Ice Cream Cone Cake Pops
There. I did 2 posts with meat in, so let’s get back to the fun stuff! No, really, I am planning to keep it a little more balanced… I think anyway. Sometimes I think I should’ve named this site something like ”Chocolate Dipped Tidbits” or “Living for Chocolate, Dying for Some More” and do sweets only, what with that being my passion and all.
Speaking of which, I totally get Tiffany (my 5-yr-old) in this little conversation that happened one day last week:
Her: “May I have an ice cream cone?”
Me: “No, you already had one today.”
Her: “Pleeeeeeeeeeeeease? I REALLY need one.”
Me, feeling sorry for her, but sticking to my guns: “No.”
Her, pulling out the trump card in desperation: “I’ll give you all my money if you let me have one.”
If we run out of cones and ice cream around here, my girls think it’s a real crisis. Currently, we have sugar cones (the pointy ones that sorta look like waffle cones) and regular cones in 2 sizes (the ones that are flat on the bottom and taste like newspaper just plain). These cone cake pops use the mini size of the regular cones.
Awwww, aren’t they adorable?
You really do need to see these in real life. The cuteness factor doubles from a picture to real life.
I know you can’t really tell the exact size because there’s nothing to compare it to. So, here’s one in a 13-month-old pudgy hand, if you know what size they are in real life. This is a real ice cream cone, but the same size cone.
Yeah, we’re getting Megan hooked on ice cream cones already. This size is so perfect for her because she’s done eating it by the time it starts melting and dripping.
I got this Ice Cream Cone Cake Pops idea from Bakerella’s website and her Cake Pops cookbook (which my friend Ruthie gave to me for my birthday last year… it was on my wish list, and I never told her, how cool is that?!) Bakerella used sawed-off sugar cones, but I decided to just use mini regular cones so I wouldn’t have to do all that cutting.
So here’s what you do. Take a baked cake and crumble it up and add a bought can of frosting and mix it together.
Get the leftover cake out of the freezer from a graduation cake you made earlier, thaw it, crumble it, mix up some frosting and mix a few dollops into the cake crumbs. That’s what I did. So, these cake pops were white cake mixed with cinnamon cake.
By the way, next time you’re buying cake mixes and you’re undecided on the kind, please buy a cinnamon one. This is the first time I tried it and it was SO good! You’d think I would’ve already thought to try that, what with having married into a we-love-cinnamon family. I want to make one sometime with cream cheese frosting. Mmmm mmmm mmm!!! You can use cream cheese frosting in these cake pops, but then you should refrigerate them, which is why I used regular frosting.
Here are the cake crumbs and dollops of frosting. I forgot to take a picture after it was mixed…
Roll the cake mixture into balls about the size of a golf ball, maybe a little smaller. Don’t make all those little dents in it like a golf ball has, though. Put the cake balls in the freezer for 15 minutes, then transfer them to the fridge if you’re not ready to dip yet. They should be chilled, but not frozen.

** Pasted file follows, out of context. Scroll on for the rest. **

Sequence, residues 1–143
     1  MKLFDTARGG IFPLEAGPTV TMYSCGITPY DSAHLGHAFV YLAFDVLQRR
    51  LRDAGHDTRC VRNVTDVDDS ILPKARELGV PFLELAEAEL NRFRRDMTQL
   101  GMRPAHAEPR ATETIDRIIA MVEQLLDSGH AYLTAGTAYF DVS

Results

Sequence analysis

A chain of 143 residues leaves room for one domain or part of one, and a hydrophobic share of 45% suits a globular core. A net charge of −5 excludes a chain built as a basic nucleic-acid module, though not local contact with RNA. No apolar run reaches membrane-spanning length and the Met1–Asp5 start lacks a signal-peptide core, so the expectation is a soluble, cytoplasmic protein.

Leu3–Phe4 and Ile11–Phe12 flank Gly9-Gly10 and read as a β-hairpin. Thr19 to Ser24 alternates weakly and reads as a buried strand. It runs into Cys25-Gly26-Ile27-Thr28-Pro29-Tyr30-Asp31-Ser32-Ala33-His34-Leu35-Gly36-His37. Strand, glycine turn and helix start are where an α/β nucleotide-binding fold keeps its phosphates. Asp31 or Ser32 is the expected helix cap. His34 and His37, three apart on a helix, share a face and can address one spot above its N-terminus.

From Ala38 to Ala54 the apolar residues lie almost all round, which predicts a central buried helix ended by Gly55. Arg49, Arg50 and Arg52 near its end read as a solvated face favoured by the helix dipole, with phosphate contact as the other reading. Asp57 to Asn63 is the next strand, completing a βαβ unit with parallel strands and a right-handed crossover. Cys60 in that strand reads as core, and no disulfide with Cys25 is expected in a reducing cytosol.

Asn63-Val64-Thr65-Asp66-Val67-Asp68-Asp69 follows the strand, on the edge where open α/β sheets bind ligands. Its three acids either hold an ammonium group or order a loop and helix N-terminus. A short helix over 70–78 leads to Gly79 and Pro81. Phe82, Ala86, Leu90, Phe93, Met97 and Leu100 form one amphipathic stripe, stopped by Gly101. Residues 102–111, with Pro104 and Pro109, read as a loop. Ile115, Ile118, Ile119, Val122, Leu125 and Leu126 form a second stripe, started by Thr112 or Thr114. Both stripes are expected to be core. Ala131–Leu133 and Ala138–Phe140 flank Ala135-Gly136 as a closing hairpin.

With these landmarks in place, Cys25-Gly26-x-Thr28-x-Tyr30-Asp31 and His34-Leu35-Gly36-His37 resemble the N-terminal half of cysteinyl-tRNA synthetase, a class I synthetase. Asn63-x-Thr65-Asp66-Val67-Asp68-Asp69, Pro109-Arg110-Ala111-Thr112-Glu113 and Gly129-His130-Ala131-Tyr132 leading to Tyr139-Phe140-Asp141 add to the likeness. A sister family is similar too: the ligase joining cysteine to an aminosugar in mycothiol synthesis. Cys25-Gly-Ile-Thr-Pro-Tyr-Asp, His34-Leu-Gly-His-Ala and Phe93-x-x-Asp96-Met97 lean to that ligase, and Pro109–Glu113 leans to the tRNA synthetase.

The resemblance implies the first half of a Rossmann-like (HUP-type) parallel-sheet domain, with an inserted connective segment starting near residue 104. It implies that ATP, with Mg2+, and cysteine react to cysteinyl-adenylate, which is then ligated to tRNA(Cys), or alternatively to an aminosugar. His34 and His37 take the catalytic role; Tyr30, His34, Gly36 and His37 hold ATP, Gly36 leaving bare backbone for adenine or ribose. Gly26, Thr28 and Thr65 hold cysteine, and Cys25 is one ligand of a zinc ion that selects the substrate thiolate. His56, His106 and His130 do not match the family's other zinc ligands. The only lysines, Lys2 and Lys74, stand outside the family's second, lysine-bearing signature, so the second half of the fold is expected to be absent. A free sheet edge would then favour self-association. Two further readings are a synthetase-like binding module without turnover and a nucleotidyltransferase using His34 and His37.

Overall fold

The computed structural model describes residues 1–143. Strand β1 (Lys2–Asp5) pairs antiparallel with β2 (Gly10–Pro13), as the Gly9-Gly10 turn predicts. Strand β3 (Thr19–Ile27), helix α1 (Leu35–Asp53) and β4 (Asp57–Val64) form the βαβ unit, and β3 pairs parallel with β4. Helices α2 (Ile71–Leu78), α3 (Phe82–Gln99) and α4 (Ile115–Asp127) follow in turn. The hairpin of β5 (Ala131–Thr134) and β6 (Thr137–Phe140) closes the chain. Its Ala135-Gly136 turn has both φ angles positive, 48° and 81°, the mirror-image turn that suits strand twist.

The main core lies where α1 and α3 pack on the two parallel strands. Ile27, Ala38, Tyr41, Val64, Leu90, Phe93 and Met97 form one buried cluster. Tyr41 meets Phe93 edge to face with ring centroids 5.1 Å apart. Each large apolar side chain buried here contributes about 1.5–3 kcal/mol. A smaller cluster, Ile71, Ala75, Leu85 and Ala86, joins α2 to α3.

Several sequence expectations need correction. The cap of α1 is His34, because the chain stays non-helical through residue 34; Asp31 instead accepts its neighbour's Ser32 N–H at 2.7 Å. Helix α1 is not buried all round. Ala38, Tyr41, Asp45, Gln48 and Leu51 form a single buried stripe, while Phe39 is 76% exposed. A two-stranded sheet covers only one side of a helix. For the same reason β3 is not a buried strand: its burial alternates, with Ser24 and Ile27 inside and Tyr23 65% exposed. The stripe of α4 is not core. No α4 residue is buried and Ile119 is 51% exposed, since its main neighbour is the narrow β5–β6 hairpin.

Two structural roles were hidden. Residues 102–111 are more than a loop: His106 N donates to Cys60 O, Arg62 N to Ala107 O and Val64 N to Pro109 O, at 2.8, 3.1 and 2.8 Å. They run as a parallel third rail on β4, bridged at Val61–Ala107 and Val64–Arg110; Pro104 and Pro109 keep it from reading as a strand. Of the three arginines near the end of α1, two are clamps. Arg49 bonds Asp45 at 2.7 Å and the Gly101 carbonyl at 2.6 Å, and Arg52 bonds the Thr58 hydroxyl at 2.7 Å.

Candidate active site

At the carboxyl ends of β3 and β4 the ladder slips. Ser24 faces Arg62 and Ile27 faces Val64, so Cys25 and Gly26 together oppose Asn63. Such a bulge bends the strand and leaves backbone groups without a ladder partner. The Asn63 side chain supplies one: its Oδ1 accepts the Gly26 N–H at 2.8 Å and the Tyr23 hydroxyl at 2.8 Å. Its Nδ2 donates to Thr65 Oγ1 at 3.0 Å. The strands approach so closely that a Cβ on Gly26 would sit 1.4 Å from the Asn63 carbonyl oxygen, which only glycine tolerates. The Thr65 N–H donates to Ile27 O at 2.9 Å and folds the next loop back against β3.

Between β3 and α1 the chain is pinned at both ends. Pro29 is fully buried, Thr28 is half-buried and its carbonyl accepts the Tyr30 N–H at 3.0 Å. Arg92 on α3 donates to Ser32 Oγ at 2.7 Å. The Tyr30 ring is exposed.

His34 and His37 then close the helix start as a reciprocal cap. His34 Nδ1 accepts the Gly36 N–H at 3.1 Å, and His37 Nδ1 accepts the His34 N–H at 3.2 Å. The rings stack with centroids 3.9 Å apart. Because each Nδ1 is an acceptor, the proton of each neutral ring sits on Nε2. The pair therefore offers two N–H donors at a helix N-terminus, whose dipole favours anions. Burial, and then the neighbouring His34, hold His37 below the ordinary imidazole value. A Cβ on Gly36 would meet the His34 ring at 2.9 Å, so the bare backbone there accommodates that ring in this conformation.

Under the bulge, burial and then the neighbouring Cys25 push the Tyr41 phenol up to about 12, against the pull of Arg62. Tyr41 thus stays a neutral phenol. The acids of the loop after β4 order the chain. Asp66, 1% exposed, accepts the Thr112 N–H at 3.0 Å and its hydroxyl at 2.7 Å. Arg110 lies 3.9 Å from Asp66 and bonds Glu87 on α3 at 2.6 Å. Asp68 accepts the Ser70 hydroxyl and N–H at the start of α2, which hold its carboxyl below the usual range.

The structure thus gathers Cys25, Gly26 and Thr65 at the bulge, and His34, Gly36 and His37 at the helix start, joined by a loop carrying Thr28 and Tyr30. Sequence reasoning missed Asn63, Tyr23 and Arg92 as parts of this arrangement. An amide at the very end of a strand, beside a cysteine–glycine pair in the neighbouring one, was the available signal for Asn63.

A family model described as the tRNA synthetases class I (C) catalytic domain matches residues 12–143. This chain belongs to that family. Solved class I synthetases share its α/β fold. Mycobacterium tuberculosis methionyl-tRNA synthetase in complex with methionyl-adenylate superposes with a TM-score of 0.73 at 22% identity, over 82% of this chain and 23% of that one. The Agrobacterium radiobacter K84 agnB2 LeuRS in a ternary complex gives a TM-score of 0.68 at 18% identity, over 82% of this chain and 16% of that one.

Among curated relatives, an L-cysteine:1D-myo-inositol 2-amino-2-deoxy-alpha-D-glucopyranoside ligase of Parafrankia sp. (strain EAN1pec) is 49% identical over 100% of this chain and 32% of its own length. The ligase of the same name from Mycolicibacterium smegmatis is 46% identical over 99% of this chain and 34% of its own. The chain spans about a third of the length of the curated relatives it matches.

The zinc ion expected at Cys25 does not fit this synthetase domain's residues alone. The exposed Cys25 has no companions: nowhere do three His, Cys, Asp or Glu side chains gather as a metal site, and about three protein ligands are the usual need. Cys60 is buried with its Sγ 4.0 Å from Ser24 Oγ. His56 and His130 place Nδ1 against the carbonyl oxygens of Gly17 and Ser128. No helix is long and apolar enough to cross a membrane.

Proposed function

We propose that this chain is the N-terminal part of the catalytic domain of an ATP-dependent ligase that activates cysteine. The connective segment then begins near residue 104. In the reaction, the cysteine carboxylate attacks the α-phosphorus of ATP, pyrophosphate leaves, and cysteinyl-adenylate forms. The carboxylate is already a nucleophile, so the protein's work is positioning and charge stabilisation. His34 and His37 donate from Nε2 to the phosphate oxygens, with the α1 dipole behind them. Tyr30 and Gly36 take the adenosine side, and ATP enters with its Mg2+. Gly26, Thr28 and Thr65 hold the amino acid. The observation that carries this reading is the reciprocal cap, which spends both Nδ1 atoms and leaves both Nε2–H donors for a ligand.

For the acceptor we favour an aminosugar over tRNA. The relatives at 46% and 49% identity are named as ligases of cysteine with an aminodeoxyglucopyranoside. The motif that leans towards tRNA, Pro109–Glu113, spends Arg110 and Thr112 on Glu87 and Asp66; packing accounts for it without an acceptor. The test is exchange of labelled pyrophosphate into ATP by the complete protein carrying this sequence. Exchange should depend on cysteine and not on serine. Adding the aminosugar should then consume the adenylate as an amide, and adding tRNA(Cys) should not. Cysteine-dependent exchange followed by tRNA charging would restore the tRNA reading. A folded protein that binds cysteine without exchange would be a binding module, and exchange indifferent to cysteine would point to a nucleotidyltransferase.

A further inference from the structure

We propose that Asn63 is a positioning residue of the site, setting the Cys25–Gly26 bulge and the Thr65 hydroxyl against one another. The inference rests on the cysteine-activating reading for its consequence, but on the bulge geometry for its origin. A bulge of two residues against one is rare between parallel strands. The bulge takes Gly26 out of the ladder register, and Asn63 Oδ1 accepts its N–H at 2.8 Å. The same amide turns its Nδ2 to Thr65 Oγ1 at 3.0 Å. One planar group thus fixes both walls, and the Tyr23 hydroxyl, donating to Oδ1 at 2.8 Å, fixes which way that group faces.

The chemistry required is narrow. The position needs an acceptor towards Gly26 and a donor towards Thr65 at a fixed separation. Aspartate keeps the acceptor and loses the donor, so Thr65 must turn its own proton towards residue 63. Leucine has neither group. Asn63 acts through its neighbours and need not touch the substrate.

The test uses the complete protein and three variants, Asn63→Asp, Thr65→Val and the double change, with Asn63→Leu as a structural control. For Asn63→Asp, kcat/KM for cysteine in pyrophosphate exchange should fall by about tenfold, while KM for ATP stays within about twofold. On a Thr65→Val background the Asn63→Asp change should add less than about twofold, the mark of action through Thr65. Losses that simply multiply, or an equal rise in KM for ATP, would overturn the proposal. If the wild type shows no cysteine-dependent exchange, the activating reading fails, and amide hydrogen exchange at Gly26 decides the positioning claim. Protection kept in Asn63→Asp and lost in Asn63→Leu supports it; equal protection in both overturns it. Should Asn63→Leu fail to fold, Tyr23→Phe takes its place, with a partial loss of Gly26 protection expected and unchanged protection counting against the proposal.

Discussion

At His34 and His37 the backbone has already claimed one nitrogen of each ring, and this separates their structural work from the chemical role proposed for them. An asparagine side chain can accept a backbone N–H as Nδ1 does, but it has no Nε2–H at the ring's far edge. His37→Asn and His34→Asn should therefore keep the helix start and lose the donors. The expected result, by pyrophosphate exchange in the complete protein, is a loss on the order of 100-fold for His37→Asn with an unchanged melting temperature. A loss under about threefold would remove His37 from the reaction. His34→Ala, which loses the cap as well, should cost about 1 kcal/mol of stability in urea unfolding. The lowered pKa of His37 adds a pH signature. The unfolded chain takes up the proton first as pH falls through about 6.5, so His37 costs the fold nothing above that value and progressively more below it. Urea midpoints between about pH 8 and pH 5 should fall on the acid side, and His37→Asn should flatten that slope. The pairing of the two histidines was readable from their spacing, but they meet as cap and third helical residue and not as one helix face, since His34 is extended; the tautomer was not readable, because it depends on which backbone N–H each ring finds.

Here is when I was just ready to start. Those bowls are both melted white chocolate, but the one has pink food coloring in it. The melted milk chocolate is missed on the picture. I put some M&Ms in the bottom of the cones just for a fun surprise.
Dip a skewer in the melted chocolate, then into a cake ball. You can take a spoon and spoon some chocolate over to get it fully covered if the chocolate isn’t deep enough to fully immerse the cake ball, but don’t spin or stir or twist it around in the chocolate because crumbs may fall off or it might come apart. Then, put the drippy chocolate covered cake ball on one of these mini cones and pull the skewer out. It will kind of start to drip over the sides to make a melty look. That is a good thing.
After the cake pops are dipped and put on the cones, take another color of melted chocolate and put on top, letting it start going down the sides a bit. Put on sprinkles if you want to. Put a red M&M or peanut M&M on top for a cherry.
To make tipped over ones, put the cake ball on a flat surface instead of on a cone, then put the cone slanted on top of it. Bakerella calls this a “happy accident on purpose”. I love that term! :)
Now, we leave Bakerella and go on to an extra tip and idea for these from me:
1. These little things are top-heavy. So if you’re taking them somewhere, put a little bit of melted white chocolate on the bottom of the cone, then set it on the plate. In no time, it is hardened and you can move the plate around at will… without ice cream cones landing on the floor.
2. Pipe thick chocolate letters on plastic wrap or wax paper, put them in the fridge till they’re hard, and stick them to the top with a dollop or two of melted chocolate… and you’ve just personalized your cake pops to the season/event/occasion!
Here are some specific ideas:
– Write “Welcome Home” on them and put them on the counter, ready for someone coming home. That’s actually the very thing that made me think of putting letters on top of these… around the time I was making these for a church picnic, some friends of ours were coming home from a trip and I had intentions of doing that with the extra ones, but with a combo of a change of plans in my day and procrastination, they got home before I got it done. But at least I’m glad for the idea now, to use in other ways.
– Use them for the cake at a birthday party and write “Happy Birthday (insert birthday person’s name)”
– Write your kids’ names.
– Make the entire alphabet, with extra A’s, E’s, T’s, M’s, S’s, and whatever other letters are used more often. Then, let your kids play with them, writing words and phrases or even complete sentences.
And last but not least, if you love someone, do this…